So Bartz’s tame delivery of Yahoo’s second-quarter earnings on Tuesday was a bit of a surprise. We know the 60-year-old is recovering from knee surgery, but was this even the same Bartz? The one who threatened to “dropkick to f–king Mars” employees who leak information to reporters? Or the one who asked the press to give Yahoo some “friggin’ breathing room” as the company figured out its next move? (Here’s a list of Bartz’s greatest hits).

By comparison, Tuesday afternoon was a bore, as Bartz stuck to a straight script. What’s more, she actually went so far as to compliment Bing, Microsoft’s new search engine that’s been pulling market share from competitors.

Microsoft’s big man on campus

Steve Ballmer knows how to pack a house.

Stanford University’s Memorial Hall was filled to its almost 2,000 capacity on Wednesday, as the voluble Microsoft CEO took the stage.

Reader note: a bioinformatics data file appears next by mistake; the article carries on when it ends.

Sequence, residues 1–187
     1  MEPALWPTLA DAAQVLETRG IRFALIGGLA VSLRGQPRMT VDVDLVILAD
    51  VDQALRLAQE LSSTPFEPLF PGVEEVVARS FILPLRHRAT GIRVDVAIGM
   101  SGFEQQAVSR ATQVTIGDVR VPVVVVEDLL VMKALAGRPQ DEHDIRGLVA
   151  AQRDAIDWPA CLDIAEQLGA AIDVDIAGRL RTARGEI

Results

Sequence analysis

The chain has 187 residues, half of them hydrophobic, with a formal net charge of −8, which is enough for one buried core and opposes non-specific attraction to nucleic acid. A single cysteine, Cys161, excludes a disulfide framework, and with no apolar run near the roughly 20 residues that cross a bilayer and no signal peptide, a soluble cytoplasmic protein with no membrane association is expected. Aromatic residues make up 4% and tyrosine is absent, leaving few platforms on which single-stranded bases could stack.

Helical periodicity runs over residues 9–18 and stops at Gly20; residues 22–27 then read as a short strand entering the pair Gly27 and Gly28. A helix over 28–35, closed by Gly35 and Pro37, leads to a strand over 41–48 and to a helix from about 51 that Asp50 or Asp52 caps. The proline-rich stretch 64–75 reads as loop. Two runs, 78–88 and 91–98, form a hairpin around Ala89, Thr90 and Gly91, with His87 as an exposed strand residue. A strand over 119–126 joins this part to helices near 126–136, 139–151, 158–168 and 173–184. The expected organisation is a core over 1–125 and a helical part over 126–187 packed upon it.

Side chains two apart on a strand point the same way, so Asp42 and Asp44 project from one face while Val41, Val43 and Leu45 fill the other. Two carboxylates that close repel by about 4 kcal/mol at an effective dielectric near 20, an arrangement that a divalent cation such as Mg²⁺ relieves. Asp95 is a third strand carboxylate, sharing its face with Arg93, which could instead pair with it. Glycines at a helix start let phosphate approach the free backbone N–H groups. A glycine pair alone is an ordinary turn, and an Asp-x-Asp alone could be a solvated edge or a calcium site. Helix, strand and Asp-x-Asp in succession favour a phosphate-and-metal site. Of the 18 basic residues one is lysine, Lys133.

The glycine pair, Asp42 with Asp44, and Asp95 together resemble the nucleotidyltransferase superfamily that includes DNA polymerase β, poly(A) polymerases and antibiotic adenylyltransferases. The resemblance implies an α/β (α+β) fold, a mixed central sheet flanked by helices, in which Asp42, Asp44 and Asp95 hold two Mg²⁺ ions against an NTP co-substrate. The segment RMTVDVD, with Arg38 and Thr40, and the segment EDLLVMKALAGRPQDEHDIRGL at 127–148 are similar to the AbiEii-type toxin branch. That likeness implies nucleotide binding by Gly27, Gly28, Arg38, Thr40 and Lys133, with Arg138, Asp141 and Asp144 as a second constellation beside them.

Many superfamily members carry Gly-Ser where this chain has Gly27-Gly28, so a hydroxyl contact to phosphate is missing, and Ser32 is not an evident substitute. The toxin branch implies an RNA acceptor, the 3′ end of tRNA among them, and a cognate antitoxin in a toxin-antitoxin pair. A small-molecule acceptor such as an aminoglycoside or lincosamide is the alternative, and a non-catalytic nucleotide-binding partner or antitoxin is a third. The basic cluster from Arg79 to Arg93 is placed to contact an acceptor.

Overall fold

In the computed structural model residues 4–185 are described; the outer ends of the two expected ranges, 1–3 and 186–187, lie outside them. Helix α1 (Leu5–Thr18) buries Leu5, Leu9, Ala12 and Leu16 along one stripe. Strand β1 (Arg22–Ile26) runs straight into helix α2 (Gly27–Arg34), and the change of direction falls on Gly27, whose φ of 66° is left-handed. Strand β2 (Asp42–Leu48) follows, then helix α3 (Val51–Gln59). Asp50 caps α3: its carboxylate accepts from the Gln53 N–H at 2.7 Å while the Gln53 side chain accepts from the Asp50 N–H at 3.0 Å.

For the MBAs and engineering students who showed up, the event was a chance to get inspiration from the chief of one of the world’s most powerful corporations (and from someone who dropped out of Stanford Business School to join Microsoft). The press in attendance was mainly interested in comments Ballmer might make about Yahoo.

Indeed, with Microsoft and Yahoo reportedly in talks about a search partnership, speculation has risen in the blogosphere that Ballmer and Yahoo CEO Carol Bartz would have a sit-down during his swing through the Bay Area.

Yahoo’s Bartz drops the F-bomb

The most notable incident in Yahoo’s first-quarter earnings conference call Tuesday came in the closing minutes.

That’s when CEO Carol Bartz hit a crowd of analysts with an F-bomb, instantly livening up a call which had until then focused on the company’s inline financial results.

Bartz, who has already earned a reputation as a no-nonsense leader with a blunt communications style, let the expletive fly while describing how her recent restructuring efforts will improve the inefficiencies that have long plagued Yahoo.